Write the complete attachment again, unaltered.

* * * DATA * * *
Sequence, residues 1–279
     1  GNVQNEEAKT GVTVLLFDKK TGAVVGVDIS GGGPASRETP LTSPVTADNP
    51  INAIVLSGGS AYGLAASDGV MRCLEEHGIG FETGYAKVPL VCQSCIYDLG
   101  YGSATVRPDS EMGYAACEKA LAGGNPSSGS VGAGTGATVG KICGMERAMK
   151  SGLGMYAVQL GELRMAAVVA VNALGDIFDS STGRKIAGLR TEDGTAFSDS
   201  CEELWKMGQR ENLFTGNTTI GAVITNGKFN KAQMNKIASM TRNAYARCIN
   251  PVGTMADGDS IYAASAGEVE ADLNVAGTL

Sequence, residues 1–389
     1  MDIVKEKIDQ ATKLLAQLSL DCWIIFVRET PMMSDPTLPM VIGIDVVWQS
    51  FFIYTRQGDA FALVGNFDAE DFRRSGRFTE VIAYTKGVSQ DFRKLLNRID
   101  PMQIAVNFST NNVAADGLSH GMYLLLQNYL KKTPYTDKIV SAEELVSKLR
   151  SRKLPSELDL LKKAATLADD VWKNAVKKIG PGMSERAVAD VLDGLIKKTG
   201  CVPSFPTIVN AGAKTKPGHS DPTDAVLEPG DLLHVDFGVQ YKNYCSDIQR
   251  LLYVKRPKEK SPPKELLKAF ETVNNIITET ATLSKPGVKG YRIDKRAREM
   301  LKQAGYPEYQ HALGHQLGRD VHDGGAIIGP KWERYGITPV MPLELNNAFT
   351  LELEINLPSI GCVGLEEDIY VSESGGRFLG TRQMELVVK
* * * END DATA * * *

Sequence, residues 1–279
     1  GNVQNEEAKT GVTVLLFDKK TGAVVGVDIS GGGPASRETP LTSPVTADNP
    51  INAIVLSGGS AYGLAASDGV MRCLEEHGIG FETGYAKVPL VCQSCIYDLG
   101  YGSATVRPDS EMGYAACEKA LAGGNPSSGS VGAGTGATVG KICGMERAMK
   151  SGLGMYAVQL GELRMAAVVA VNALGDIFDS STGRKIAGLR TEDGTAFSDS
   201  CEELWKMGQR ENLFTGNTTI GAVITNGKFN KAQMNKIASM TRNAYARCIN
   251  PVGTMADGDS IYAASAGEVE ADLNVAGTL

Sequence, residues 1–389
     1  MDIVKEKIDQ ATKLLAQLSL DCWIIFVRET PMMSDPTLPM VIGIDVVWQS
    51  FFIYTRQGDA FALVGNFDAE DFRRSGRFTE VIAYTKGVSQ DFRKLLNRID
   101  PMQIAVNFST NNVAADGLSH GMYLLLQNYL KKTPYTDKIV SAEELVSKLR
   151  SRKLPSELDL LKKAATLADD VWKNAVKKIG PGMSERAVAD VLDGLIKKTG
   201  CVPSFPTIVN AGAKTKPGHS DPTDAVLEPG DLLHVDFGVQ YKNYCSDIQR
   251  LLYVKRPKEK SPPKELLKAF ETVNNIITET ATLSKPGVKG YRIDKRAREM
   301  LKQAGYPEYQ HALGHQLGRD VHDGGAIIGP KWERYGITPV MPLELNNAFT
   351  LELEINLPSI GCVGLEEDIY VSESGGRFLG TRQMELVVK